If you are a survivor of a loved one’s suicide, you know firsthand that there is something more to your loss, and it seems more shocking and disorienting than other types of losses. And just why is that true? What makes it so different, more shocking and disorienting?
The process of grieving a loss due to suicide has about 80% in common with other types of loss, but the remaining differences are especially devastating and can be disorienting, confusing, and debilitating for the survivor.
Let me clarify: when I use the phrase “survivor of suicide” I mean to refer to a person who has lost a loved one to suicide. I am not referring to a person who attempted their own suicide but survived the attempt.
Survivors of suicide often experience some, or all, of the following:
- Disbelief that the person is dead or disbelief that suicide is the reason.
- The negative stigma associated with taking one’s own life.
- A sense of judgment – spoken or unspoken by others.
- A feeling of responsibility, culpability and even guilt.
- The feeling of abandonment – being left by the deceased.
- Feeling shunned by others, getting less support and empathy.
If the preceding seems painfully familiar to you, I want to say, first of all, that these fears, pain and doubts are to be expected as a survivor of suicide. You are not crazy. You are not forever broken. You are not responsible for your loved one’s actions. And yet you might respond, “Really? Because it sure feels that way!” The best I can say to you is this: as abnormal as these feelings and thoughts may be, they are normal for you, as survivors of suicide.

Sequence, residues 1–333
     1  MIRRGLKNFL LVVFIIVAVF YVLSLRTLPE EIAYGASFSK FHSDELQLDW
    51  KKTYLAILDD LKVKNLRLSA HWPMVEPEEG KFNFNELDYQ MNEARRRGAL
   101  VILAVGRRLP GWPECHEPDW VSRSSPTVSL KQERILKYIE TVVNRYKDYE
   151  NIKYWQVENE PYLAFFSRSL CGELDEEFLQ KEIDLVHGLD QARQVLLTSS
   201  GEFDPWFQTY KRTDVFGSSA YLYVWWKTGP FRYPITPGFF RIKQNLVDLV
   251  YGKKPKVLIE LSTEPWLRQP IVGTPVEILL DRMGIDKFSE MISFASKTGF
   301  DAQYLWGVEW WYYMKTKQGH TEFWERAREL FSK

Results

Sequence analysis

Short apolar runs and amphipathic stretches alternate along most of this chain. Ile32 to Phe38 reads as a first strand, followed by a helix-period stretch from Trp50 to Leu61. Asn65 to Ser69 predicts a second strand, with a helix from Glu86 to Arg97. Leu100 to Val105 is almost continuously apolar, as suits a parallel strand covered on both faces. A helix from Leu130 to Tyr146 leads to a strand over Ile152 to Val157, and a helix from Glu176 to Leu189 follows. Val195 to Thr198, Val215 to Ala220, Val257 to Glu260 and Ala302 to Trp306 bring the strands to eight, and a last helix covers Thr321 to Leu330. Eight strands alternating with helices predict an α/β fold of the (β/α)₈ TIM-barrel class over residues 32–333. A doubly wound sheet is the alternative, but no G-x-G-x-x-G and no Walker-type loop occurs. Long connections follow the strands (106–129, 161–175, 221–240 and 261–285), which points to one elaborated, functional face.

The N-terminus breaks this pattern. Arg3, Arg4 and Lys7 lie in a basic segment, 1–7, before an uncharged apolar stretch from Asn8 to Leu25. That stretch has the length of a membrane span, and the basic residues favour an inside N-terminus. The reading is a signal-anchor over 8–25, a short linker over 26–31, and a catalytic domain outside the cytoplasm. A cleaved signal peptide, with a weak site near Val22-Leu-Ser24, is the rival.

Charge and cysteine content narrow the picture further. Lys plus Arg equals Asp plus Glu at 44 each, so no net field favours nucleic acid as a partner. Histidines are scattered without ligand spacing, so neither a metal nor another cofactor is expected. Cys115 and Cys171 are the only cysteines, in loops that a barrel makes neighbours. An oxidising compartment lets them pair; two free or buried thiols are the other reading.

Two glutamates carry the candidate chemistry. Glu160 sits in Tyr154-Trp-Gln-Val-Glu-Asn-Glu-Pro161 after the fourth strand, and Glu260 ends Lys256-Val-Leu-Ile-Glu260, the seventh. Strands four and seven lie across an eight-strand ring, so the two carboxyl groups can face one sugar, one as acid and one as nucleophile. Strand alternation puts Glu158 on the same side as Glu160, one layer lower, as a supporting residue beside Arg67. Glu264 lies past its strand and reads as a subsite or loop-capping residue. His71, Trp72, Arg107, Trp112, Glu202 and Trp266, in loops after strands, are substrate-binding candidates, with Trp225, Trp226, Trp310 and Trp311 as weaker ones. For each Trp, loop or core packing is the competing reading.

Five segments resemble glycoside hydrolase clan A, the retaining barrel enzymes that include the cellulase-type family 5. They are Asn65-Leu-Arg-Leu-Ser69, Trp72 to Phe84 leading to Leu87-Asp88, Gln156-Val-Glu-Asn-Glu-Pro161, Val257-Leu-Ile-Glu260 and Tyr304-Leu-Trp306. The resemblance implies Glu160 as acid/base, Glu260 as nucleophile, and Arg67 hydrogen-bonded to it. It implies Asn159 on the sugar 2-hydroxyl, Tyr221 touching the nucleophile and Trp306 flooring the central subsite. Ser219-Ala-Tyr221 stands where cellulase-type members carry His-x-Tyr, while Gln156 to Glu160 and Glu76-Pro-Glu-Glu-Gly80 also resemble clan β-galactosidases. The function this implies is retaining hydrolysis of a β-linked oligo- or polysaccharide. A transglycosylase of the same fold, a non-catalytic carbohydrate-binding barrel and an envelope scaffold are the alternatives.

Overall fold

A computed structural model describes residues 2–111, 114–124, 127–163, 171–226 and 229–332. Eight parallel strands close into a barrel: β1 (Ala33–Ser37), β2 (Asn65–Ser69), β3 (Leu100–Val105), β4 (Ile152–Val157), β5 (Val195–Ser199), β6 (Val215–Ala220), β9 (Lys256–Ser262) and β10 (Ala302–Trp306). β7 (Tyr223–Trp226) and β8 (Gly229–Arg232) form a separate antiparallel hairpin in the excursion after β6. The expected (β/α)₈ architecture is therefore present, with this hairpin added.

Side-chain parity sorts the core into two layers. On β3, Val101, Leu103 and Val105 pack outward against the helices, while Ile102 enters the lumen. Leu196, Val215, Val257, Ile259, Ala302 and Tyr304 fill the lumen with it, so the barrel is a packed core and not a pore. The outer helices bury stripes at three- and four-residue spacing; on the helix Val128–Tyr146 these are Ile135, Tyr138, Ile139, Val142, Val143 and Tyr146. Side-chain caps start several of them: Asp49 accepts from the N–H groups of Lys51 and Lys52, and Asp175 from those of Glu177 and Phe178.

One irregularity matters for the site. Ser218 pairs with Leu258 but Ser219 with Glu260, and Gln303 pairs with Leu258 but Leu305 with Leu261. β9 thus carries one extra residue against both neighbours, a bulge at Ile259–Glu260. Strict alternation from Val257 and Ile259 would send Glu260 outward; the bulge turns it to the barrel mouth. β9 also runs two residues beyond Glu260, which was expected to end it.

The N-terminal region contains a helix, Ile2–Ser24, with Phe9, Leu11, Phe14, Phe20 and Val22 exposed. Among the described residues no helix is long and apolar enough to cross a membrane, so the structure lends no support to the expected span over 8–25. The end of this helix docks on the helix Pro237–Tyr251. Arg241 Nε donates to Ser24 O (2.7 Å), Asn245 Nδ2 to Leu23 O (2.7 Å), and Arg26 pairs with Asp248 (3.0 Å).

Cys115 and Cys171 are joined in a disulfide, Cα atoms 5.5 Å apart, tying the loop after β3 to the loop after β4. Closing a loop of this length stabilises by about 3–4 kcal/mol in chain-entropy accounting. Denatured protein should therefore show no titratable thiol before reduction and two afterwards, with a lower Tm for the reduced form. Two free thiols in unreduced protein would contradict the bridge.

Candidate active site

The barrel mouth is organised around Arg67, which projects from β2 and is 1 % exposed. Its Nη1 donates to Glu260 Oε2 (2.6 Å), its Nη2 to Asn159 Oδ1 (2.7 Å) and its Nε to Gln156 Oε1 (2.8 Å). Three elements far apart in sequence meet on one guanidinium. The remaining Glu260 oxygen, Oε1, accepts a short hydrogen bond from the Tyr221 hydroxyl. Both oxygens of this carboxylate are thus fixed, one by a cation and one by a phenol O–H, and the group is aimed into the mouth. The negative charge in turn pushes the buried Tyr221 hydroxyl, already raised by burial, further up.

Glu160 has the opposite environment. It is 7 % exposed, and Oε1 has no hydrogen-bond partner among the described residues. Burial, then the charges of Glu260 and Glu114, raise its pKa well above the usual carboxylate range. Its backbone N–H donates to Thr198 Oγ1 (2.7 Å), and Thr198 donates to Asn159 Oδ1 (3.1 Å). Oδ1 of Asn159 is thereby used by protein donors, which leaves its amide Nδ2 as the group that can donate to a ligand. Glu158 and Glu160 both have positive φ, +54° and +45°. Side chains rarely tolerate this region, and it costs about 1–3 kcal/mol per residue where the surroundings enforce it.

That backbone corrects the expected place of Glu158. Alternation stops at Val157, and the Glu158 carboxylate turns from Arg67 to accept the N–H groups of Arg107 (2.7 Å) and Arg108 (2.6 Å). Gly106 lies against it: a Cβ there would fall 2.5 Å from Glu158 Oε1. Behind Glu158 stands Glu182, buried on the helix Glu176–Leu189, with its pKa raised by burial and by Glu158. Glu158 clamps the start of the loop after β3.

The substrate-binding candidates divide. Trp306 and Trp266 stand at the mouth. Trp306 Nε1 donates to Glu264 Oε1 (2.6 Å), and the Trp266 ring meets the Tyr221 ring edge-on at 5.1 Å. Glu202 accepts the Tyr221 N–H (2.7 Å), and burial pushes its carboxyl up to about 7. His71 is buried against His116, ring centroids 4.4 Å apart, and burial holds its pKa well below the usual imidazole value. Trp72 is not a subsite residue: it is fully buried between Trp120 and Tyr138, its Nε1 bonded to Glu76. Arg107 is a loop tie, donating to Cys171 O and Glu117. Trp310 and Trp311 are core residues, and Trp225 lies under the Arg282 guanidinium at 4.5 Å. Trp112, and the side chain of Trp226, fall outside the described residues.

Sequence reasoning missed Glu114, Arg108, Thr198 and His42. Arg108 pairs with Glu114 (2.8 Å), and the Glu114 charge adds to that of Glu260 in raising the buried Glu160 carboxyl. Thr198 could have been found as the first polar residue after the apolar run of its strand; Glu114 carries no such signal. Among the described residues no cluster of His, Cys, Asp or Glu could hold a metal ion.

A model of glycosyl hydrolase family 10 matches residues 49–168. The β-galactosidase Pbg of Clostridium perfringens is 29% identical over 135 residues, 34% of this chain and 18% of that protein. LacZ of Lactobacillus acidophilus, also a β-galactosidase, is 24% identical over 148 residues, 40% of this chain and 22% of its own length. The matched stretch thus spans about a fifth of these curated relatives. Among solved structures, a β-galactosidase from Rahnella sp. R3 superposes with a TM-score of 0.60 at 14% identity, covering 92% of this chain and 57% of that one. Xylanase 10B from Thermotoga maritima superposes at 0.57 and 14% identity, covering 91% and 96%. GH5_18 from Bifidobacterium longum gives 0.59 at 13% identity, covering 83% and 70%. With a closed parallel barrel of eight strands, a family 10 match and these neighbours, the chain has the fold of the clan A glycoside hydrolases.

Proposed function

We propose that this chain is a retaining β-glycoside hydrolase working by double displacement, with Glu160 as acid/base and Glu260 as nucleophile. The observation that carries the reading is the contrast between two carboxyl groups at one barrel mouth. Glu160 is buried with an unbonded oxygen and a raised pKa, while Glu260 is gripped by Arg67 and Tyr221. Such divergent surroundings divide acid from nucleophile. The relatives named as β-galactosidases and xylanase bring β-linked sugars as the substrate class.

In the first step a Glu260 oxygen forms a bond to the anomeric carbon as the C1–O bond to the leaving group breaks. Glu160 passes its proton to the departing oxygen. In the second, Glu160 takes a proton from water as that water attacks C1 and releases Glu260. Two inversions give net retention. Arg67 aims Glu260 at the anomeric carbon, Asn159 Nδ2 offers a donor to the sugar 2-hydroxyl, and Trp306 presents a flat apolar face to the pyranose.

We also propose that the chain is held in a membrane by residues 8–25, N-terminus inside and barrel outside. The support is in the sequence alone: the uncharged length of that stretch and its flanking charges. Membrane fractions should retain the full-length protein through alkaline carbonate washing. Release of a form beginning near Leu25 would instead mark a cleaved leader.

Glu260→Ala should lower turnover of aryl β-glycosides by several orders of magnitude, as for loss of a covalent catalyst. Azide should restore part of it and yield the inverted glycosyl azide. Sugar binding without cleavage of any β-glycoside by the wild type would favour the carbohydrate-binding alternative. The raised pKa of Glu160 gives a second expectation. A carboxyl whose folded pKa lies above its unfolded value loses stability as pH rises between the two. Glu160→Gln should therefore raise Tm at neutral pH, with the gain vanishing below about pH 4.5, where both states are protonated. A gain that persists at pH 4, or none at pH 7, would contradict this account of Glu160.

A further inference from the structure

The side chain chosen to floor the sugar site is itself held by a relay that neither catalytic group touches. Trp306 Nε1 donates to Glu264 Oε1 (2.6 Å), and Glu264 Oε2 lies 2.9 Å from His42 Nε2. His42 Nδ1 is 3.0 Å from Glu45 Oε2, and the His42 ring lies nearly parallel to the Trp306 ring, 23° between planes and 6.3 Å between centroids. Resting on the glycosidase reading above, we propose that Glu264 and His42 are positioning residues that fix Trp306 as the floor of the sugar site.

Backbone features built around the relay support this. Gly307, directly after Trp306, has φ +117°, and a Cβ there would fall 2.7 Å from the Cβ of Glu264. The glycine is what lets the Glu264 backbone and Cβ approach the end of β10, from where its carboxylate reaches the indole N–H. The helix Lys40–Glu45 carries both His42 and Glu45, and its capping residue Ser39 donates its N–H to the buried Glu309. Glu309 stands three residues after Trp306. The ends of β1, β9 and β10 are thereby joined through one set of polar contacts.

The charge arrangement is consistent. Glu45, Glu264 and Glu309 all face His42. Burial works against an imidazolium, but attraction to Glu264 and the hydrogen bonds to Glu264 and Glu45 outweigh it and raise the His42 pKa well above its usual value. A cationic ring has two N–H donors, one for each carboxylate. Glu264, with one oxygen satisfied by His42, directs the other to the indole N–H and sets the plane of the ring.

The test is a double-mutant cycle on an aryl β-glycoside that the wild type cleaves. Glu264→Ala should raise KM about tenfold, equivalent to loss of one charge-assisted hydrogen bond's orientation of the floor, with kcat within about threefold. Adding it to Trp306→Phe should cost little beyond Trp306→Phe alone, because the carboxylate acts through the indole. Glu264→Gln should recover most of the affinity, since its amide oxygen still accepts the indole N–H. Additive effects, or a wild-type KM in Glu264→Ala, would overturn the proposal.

I have created several additional videos and episodes, each delving more deeply into specifics of the experience of losing a loved one to suicide.
My purpose is to affirm you – to let you know that despite the shock and disorientation you are experiencing, you absolutely can heal. Your healing, however, will not be quick nor easy.
What will healing require?
- It will take time.
- It will take a great deal of effort.
- It will require you to lean into the pain.
- It will require you to examine your beliefs about the loss.
- It will likely require some professional help.
- Being a survivor of suicide is particularly shocking and disorienting.
- Your reactions are understandable and not crazy.
- Surviving a suicidal loss and, ultimately, healing requires traversing an especially difficult path.
- You will heal with time, guidance and courage.
Ask yourself: of the following symptoms, which one or two are most concerning to me right now?
- Feeling responsible
- Sensing judgment from others
- Feeling abandoned and angry
- The stigma associated with suicide
Now, write about those particularly difficult feelings and/or share them with a safe friend.
Safe friends have the following qualities or characteristics:
- They don’t judge.
- They don’t try to fix you.
- They do listen intently.
- They do affirm your feelings.
You fill in the blank by finishing the sentence . . .
If I could share one thought today with my lost loved one, I would say, “_________________________________________________________.”